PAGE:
The Sealwoman's Gift
By Sally Magnusson
The debut novel set in 17th century Iceland by Sunday Times bestselling author and broadcaster Sally Magnusson
In 1627 Barbary pirates raided the coast of Iceland and abducted some 400 of its people, including 250 from a tiny island off the mainland. Among the captives sold into slavery in Algiers were the island pastor, his wife and their three children. Although the raid itself is well documented, little is known about what happened to the women and children afterwards. It was a time when women everywhere were largely silent. In this brilliant reimagining, Sally Magnusson gives a voice to Ásta, the pastor's wife.
Enslaved in an alien Arab culture Ásta meets the unravelling of her identity and the loss of her children with the one thing she has brought from home: the stories in her head. Steeped in the sagas and folk tales of her northern homeland, she finds herself experiencing not just the separations and agonies of captivity, but the reassessments that come in any age when intelligent eyes are opened to other lives, other cultures and other kinds of loving.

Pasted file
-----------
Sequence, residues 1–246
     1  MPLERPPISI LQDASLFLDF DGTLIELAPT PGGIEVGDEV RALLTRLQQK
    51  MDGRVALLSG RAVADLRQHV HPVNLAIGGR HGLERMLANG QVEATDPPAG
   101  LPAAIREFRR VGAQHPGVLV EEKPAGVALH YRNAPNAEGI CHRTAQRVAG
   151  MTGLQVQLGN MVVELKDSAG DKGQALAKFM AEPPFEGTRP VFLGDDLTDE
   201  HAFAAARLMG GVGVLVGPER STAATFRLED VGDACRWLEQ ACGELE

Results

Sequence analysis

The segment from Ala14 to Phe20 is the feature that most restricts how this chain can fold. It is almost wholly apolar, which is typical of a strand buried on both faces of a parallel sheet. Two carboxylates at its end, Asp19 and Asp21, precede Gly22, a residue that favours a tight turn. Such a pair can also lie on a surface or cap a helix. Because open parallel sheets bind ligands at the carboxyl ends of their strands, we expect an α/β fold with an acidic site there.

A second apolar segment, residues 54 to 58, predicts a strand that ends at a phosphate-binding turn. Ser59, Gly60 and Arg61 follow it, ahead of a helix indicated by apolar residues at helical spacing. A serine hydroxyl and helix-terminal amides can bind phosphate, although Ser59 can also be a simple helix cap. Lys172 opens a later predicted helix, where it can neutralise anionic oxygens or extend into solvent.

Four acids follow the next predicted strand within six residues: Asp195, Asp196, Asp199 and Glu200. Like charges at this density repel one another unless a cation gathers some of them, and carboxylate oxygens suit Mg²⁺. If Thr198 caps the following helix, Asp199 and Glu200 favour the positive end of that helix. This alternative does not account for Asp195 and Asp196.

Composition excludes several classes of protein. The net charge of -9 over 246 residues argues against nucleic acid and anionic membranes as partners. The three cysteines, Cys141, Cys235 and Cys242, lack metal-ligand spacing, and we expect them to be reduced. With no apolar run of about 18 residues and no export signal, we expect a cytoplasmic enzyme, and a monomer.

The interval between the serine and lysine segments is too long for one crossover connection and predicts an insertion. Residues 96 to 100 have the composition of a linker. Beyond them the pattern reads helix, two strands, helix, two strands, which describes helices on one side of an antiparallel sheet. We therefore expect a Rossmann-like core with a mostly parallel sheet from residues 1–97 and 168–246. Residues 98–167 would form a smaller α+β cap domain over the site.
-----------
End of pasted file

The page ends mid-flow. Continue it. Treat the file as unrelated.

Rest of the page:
The Sealwoman's Gift is about loss and separation and love and the eternal power of storytelling to help us survive. The novel is full of stories - Icelandic ones told to fend off a slave-owner's advances, Arabian ones to help an old man die. And there are others, too: the stories we tell ourselves to protect our minds from what cannot otherwise be borne, the stories we need to make us happy.
Broadcaster and journalist Sally Magnusson has written 10 books, most famously, her Sunday Times bestseller, Where Memories Go (2014) about her mother's dementia.
Half-Icelandic, half Scottish, Sally has inherited a rich storytelling tradition. The Sealwoman's Gift is her first novel.
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- Publication date:
08 Feb 2018
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